"Under what conditions can we engage in a meaningful, expressive interaction with an electronic device?" Say, for example, by ‘tickling' a robot?

This question is examined in a new article by Patrizia Marti, assistant professor and senior lecturer at the Department of Communication Science, University of Siena, Siena, Italy, which features in the latest issue of the International Journal of Design. Marti's article, entitled ‘Perceiving While Being Perceived‘ looks at the concept of ‘Shared Perception' – beginning by examining the extent to which existent quasi-robotic tech sometimes lacks true interactivity.

"As an illustrative example of shared perception, consider the automatic glass doors of modern train coaches. We know by experience with similar systems that the automatic doors should open when approaching them. But do they show their intention to open when approaching?"

In addition to the possibilities offered in making robotic tech more aware, a collaborative viewpoint can also be considered. In other words, asking not "What can the robot do for me?" but rather " What can we do together?".


Thus, for example, can, or indeed should, a robot ‘know' when it's being tickled? To find out, the research team constructed a modular robot composed of a mobile platform, an application module and a number of additional components that modify the appearance and behaviour of the robot. (see picture above)

"The Tickle scenario is enabled by covered modules embedding smart materials. A pressure sensitive textile covering module was developed that fixes a soft woolen cover on top of two metallic and conductive layers separated by an isolating layer."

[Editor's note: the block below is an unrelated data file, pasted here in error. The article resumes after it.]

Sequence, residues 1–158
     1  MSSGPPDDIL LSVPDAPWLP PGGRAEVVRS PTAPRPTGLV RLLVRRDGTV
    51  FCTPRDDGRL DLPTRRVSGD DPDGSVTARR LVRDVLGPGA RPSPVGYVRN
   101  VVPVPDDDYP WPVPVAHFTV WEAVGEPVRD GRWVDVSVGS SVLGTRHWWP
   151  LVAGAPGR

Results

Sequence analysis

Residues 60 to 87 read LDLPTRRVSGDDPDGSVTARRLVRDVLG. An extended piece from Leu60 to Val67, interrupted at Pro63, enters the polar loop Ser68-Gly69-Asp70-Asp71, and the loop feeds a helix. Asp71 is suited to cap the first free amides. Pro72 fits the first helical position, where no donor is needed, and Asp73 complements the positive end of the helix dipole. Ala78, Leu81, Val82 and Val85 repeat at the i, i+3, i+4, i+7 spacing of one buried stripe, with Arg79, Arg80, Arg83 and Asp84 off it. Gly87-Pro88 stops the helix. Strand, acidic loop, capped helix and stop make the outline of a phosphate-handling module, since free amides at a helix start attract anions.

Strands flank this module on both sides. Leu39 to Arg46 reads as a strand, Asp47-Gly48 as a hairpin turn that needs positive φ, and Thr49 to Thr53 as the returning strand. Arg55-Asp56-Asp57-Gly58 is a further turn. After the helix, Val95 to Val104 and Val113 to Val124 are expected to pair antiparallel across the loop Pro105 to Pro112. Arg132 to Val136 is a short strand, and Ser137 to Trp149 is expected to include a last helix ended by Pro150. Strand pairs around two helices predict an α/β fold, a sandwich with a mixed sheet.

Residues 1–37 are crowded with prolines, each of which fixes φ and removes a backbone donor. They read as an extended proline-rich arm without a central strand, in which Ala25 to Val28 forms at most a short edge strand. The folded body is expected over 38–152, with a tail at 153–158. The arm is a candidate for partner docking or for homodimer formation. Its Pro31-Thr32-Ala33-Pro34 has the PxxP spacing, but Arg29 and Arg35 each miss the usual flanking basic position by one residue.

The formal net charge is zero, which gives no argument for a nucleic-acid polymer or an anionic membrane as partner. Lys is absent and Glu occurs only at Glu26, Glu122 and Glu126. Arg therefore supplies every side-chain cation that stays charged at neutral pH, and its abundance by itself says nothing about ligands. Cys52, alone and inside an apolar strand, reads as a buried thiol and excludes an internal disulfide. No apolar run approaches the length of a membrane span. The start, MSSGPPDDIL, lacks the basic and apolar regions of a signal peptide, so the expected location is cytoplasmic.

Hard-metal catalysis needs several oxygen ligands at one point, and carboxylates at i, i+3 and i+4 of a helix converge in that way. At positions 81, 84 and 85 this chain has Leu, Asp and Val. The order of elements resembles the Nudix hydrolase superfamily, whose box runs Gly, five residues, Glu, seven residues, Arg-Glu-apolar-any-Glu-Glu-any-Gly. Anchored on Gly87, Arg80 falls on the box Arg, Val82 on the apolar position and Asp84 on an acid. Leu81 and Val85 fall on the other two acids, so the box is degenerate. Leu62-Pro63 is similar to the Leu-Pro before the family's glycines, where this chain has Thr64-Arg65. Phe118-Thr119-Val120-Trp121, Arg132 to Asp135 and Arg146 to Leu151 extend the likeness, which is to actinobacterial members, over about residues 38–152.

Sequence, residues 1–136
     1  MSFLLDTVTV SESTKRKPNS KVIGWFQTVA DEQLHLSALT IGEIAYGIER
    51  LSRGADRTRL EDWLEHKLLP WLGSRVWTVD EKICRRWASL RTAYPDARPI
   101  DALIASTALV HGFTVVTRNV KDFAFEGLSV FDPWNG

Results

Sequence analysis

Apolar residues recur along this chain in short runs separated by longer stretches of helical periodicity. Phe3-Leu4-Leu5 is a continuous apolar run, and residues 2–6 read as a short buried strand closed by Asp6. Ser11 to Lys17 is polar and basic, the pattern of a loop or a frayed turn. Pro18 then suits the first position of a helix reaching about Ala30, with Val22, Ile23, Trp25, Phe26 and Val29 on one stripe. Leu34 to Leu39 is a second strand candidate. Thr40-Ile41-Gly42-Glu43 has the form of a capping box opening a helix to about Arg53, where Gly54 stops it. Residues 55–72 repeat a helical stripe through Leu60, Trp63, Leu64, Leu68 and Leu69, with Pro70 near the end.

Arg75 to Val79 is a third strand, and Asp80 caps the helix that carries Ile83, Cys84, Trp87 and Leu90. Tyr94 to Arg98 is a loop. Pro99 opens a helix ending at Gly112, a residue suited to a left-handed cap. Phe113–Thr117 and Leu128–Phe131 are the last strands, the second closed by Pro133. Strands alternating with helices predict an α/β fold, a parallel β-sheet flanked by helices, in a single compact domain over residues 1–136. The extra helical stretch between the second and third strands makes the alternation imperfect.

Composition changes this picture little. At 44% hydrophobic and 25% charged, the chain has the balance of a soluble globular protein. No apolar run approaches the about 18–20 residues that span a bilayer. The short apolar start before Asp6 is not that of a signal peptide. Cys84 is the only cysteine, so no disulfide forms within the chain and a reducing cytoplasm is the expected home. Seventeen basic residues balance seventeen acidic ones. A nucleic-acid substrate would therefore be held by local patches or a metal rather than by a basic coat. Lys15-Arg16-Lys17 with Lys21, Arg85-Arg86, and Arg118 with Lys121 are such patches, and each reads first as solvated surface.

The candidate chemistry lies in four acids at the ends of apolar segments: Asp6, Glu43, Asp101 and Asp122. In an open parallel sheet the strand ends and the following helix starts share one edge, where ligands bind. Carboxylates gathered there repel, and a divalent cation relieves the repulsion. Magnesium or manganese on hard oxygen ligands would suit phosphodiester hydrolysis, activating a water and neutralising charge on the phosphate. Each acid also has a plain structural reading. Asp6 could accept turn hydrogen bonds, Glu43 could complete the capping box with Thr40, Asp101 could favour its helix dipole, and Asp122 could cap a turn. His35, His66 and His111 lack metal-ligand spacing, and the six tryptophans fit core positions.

So forming an electronic switching matrix which is tickle-sensitive. The bot is not only tickle-aware, but can also follow users around – and later versions were equipped with microphones for voice sensing, and Interactive Fur, to facilitate robotic petting interaction. (see picture at left) The paper also introduces a new concept which the author terms ‘Perceptual Crossing'.


"According to this view, some of the mechanisms underlying the recognition of others as intentional entities are intrinsic to the shared perceptual activity – we perceive the others while being perceived. This mutual interdependency is a product of a perceptual crossing and is dynamics."

And thus a tickle-aware, and/or perhaps furry robot might be able to go some way towards enhancing Perceptual Crossing potentiality.

"Perceptual crossing is a fundamental perceptual competence for the aesthetic experience. Meaning is released in dialogue as we perceive and act in the world while being perceived by the world itself. The perception of mutual affordances shapes the interaction and is a fundamental ingredient of the aesthetic experience."

This article originally appeared on Improbable Research.